The last thing I would expect is that you would want to involve yourself in the detail of claims and counter-claims about the activities of Putin and his opponents. Having, for a variety of reasons, spent a good deal of time doing this, I know from experience that doing so can leave one feeling that, as it were, one has sprained one's brain!

And in any case, the pieces to which I linked are the only ones by Catherine Belton I know of which deal with Valmet, Samuelson, and related matters.

A few remarks on the background may however be relevant. The term 'deep state' has become commonplace in recent years – so much so that the idea is even treated seriously in the FT. It is I think potentially misleading, in that it leads easily to the notion that intelligence agencies are monolithic and have clear ideas about the nefarious purposes they are pursuing, which I think not infrequently involves imposing a coherence which does not exist.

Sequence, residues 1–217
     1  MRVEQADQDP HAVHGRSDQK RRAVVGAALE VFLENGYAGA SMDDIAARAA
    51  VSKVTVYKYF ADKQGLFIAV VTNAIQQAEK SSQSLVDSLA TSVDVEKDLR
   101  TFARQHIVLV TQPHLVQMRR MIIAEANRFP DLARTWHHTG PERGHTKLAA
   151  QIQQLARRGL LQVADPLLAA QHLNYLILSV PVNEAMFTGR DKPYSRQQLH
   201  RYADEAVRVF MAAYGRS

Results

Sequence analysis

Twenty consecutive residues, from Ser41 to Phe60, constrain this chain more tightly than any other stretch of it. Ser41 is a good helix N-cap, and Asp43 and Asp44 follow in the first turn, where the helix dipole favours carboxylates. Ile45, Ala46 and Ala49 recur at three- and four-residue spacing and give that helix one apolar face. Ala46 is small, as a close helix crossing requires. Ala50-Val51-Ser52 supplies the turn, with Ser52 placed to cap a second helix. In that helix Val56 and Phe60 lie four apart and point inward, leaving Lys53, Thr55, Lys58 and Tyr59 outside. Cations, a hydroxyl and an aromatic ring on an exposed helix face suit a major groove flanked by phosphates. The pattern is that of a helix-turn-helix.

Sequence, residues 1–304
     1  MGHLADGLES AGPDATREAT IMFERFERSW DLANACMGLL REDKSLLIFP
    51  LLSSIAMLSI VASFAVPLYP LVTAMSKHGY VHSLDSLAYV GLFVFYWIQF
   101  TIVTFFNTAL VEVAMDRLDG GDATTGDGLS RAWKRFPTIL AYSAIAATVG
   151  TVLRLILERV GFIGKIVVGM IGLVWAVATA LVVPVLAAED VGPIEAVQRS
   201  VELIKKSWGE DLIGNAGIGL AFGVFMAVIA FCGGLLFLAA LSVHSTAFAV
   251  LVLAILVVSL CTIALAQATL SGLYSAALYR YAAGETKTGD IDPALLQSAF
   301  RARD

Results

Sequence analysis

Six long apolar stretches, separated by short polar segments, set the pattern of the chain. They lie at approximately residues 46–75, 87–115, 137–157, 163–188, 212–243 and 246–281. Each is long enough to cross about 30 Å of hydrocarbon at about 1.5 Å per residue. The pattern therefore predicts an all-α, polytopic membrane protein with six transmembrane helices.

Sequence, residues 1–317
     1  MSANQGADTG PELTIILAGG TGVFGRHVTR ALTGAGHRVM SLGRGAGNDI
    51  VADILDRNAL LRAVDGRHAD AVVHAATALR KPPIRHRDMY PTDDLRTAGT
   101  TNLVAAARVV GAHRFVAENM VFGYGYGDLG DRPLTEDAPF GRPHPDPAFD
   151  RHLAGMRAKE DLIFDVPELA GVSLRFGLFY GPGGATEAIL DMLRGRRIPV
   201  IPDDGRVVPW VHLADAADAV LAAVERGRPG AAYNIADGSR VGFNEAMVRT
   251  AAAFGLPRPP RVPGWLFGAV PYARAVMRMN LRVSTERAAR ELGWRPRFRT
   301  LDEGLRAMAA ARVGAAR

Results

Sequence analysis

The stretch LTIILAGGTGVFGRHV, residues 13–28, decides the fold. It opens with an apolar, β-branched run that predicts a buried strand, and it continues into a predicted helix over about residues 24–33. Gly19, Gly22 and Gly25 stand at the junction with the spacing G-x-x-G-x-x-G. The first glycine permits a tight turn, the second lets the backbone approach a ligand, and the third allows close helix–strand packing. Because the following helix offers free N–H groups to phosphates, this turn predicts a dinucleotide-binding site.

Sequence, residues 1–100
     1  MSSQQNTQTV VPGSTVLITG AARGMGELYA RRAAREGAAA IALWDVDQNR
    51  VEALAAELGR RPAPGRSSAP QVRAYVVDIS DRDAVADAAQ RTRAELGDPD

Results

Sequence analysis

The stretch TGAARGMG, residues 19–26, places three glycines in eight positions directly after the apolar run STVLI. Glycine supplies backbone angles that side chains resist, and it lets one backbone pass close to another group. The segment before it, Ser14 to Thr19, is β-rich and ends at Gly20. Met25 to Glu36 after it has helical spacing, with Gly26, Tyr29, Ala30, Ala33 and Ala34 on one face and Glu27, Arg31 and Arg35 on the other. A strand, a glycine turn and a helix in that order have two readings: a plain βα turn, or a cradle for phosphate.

What is however very much the case, in my view, is that a great deal of foreign and security policy is driven by covert and semi-covert actors, in the U.S. and U.K. as well as in Russia, and on our side of the fence these actors make more extensive use of 'information operations' than would have earlier been the case. Moreover, for a whole range of reasons, the role of the mainstream media in checking these covert and semi-covert actors is very much weaker than it once was.

(So for example, in the 'Seventies and early 'Eighties British television current affairs departments – including the one in which I worked at the time – repeatedly got into deep water over programmes about Northern Ireland.)

There have still been exceptions. For example, an invaluable piece which by Thomas Catan which was published in the FT in May 2004, under the title 'Before the Crash', deals with the mysterious death of another of the lawyers associated with Yukos, Stephen Curtis. This appears to have happened shortly after he started 'singing sweetly' to our National Criminal Intelligence Service – and the report does not suggest that what he was likely to have been telling them provided a motive for Putin to murder him.